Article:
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Former academic supports Comox councillor's genetically modified comments
I read the comments made by Tom Grant, Comox councillor, about genetically modified food.
I must say that I agreed with his comments.
I have been involved with biotechnology since the early 1980s. My last role as a faculty member at the University of Toronto was as director of their Biotechnology Graduate Program.
I have followed and taught graduate students and undergraduate students at the university about biotechnology, and all aspects of molecular genetics. I have also given a course in biotechnology to seniors at ElderCollege.
The issue of genetic engineering is complex.
More care is given to food security now than ever in the past. The level of regulations that now exist, especially in Canada, are the envy of the world. This is due to the level of caution used in the analysis and release of all new foods we eat.
I also read Dr. Thierry Vrain’s letter and must say that if he can substantiate his claims, we should be concerned.
I as a research scientist and educator, however, do not believe he can. Food choice is personal and I believe we can make decisions based on our own analysis.
With a library available to all of us on our computers, we can check most statements. I am wary about undocumented statements.
You can virtually check every statement made in Dr. Vrain’s letter if you wish and draw your own conclusions. Use the Internet, ask people that you know with an appropriate background, and ask your physician about the safety of food in Canada.
As past director of the Biotechnology Program at the University of Toronto, I am not aware of any creditable report of any GM food affecting human health of any kind.
Individuals should be encouraged to make their decisions on food safety based on scientific evidence and personal choice, not on emotion or personal opinions of others.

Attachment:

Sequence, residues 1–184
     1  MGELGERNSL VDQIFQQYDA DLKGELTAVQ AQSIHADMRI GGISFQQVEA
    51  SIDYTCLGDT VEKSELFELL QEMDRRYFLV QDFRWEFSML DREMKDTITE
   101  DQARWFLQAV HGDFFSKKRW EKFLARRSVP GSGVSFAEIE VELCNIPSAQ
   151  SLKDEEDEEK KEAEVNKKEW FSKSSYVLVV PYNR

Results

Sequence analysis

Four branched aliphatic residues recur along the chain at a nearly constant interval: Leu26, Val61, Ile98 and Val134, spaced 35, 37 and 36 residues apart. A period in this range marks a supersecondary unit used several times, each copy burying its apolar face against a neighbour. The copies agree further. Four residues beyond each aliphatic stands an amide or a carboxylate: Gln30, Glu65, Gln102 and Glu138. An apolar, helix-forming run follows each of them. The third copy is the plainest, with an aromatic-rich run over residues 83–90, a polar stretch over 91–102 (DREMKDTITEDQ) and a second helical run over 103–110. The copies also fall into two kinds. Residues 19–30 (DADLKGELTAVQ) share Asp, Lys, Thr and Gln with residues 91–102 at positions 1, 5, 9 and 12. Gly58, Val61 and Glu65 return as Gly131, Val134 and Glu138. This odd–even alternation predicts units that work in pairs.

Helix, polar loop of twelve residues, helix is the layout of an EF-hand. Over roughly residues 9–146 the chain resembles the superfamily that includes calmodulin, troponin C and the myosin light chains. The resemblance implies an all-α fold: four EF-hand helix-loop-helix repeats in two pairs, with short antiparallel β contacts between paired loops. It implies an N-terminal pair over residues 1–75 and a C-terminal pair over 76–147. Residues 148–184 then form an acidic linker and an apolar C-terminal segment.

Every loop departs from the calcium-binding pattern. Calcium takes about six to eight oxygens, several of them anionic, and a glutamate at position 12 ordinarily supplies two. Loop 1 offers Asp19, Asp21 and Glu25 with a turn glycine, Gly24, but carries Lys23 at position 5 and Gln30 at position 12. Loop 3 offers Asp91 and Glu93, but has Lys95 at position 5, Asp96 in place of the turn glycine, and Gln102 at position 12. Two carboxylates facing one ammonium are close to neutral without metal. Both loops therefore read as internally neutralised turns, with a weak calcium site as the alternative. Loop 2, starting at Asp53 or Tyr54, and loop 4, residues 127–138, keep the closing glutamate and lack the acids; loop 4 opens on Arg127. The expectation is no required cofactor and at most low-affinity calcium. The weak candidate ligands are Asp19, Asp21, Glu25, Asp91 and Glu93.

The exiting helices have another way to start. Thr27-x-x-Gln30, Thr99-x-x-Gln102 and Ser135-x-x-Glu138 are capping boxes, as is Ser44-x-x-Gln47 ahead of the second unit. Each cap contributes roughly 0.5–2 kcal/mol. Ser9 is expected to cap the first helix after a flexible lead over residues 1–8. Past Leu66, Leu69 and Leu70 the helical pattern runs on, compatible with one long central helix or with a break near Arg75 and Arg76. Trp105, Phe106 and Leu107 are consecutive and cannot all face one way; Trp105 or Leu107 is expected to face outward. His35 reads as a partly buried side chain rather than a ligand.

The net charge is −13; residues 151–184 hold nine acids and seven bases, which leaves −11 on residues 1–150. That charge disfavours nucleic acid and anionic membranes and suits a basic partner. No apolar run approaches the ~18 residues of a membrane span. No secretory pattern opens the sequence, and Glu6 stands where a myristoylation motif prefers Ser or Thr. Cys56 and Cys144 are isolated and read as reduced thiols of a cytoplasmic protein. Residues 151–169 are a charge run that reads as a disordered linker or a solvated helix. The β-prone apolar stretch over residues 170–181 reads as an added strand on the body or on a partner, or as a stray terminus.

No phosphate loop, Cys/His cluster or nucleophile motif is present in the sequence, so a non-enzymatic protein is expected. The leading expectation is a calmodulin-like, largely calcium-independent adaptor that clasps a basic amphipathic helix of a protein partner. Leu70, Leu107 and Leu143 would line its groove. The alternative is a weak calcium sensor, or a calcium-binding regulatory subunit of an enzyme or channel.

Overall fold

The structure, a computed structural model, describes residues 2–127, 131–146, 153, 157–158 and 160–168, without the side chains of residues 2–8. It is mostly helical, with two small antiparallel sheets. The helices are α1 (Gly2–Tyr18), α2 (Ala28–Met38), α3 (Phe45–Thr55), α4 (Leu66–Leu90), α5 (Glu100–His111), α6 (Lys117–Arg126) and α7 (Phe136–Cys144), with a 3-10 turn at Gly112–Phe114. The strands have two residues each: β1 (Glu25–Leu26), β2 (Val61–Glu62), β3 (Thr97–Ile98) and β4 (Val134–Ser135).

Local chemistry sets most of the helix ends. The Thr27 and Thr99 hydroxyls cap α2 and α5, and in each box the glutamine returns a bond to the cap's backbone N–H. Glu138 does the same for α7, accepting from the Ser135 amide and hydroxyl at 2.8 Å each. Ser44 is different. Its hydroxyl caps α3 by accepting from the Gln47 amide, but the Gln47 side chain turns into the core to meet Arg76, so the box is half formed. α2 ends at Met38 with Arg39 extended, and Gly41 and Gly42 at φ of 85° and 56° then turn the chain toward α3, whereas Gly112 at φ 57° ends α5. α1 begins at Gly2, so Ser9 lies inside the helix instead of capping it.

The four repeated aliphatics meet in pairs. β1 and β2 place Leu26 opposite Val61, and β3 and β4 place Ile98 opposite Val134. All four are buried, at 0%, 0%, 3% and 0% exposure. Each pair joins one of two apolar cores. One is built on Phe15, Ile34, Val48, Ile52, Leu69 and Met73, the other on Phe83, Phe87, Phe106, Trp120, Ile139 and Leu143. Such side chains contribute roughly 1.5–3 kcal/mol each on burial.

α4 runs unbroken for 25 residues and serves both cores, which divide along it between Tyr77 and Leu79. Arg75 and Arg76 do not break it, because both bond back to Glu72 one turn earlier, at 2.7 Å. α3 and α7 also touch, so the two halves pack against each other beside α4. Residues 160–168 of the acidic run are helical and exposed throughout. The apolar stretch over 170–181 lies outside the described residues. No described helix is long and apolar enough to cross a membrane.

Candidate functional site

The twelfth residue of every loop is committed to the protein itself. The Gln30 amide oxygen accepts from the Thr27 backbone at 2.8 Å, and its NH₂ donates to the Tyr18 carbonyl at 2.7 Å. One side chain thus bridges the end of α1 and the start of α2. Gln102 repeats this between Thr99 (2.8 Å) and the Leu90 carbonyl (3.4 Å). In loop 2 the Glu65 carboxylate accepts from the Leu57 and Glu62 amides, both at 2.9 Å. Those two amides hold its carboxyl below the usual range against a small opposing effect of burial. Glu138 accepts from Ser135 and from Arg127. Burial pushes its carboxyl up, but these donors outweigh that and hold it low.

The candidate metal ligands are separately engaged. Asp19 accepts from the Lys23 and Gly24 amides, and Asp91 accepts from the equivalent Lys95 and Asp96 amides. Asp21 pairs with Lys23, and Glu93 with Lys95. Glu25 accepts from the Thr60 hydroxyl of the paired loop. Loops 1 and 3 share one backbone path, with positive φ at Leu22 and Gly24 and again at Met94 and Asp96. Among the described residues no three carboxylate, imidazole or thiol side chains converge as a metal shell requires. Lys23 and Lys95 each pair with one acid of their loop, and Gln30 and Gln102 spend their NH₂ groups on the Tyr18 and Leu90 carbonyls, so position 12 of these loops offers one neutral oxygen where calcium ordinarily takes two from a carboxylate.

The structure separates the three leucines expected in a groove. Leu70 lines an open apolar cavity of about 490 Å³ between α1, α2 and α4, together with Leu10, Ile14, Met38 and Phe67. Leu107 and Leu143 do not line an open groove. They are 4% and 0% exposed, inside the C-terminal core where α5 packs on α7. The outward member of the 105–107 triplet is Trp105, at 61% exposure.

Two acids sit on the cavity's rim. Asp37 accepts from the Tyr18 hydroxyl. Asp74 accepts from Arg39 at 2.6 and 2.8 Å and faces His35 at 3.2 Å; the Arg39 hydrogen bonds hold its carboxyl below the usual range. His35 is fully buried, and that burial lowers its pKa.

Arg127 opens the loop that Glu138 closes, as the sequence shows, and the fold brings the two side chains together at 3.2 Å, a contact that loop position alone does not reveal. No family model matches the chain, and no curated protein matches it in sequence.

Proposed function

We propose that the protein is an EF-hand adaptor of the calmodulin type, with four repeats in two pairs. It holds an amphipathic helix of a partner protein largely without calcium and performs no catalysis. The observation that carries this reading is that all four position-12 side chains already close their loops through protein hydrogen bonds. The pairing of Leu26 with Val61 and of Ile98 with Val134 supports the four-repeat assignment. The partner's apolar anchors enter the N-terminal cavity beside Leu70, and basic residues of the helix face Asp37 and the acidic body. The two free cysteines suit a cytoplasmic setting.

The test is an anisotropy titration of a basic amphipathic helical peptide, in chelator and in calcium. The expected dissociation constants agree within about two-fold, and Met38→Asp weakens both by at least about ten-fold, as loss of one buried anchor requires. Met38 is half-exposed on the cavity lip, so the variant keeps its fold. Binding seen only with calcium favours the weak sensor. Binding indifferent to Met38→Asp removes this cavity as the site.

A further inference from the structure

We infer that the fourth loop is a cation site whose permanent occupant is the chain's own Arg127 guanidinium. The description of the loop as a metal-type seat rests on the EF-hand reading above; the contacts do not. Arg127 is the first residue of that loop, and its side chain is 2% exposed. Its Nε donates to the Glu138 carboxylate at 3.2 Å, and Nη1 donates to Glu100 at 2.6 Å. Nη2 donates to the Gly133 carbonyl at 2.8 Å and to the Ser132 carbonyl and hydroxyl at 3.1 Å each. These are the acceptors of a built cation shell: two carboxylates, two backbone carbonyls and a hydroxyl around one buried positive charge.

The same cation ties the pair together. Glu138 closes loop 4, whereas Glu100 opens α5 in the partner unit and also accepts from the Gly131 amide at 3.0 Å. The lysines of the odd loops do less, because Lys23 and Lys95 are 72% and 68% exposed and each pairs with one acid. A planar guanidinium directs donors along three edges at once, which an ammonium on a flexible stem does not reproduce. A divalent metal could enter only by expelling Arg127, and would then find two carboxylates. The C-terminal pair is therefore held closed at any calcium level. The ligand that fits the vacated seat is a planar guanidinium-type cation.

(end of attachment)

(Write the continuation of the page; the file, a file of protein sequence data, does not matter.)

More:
There are individuals with scientific credentials who make claims and post them on the Internet, but I know of none of these claims that have been accepted by the scientific community that subject their own studies to peer review in good journals.
Below is a statement from the American Medical Association (AMA) on GM foods released in 2012:
“The AMA recognizes the continuing validity of the three major conclusions contained in the 1987 National Academy of Sciences white paper, "Introduction of Recombinant DNA-Engineered Organisms into the Environment."
The three major conclusions are:
(a)There is no evidence that unique hazards exist either in the use of recombinant techniques or in the movement of genes between unrelated organisms;
(b) The risks associated with the introduction of recombinant -engineered organisms are the The same in kind as those associated with the introduction of unmodified organisms and organisms modified by other methods;
(c) Assessment of the risk of introducing recombinant -engineered organisms into the environment should be based on the nature of the organism and the environment into which it is introduced, not on the method by which it was produced.
Do your checking with reliable sources. For example, you can Google an article in the U.K. Guardian in 2012 on GMO Golden Rice and get a valid scientific opinion.
Search the Internet for what the Canadian Food Inspection Agency and Health Canada say about Roundup in 2013. Check the facts.
Check out the information on one gene one protein online. Does it make sense with respect to what has been published in our local papers?
What I cannot support are unfounded claims that the world’s scientific community has not shown care in food production, and the use of scare tactics to influence food security issues.
We have and will continue to have a major shortage of food worldwide. I personally believe that anything we can do to increase food and food choices for people are a positive thing.
We must remember that the organic food industry as well as the traditional food industry is there to make money and feed the hungry people of the world. Our government has the responsibility to insure our food safety and as far as I can determine, it has done an excellent job.
Paul A. Horgen,